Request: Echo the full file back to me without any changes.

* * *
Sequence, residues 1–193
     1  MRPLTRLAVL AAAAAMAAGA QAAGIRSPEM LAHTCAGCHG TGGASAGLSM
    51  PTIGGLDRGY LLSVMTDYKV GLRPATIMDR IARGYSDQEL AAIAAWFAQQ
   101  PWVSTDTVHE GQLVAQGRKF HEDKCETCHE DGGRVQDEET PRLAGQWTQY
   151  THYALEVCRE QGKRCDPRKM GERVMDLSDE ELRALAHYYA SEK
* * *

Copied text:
Sequence, residues 1–193
     1  MRPLTRLAVL AAAAAMAAGA QAAGIRSPEM LAHTCAGCHG TGGASAGLSM
    51  PTIGGLDRGY LLSVMTDYKV GLRPATIMDR IARGYSDQEL AAIAAWFAQQ
   101  PWVSTDTVHE GQLVAQGRKF HEDKCETCHE DGGRVQDEET PRLAGQWTQY
   151  THYALEVCRE QGKRCDPRKM GERVMDLSDE ELRALAHYYA SEK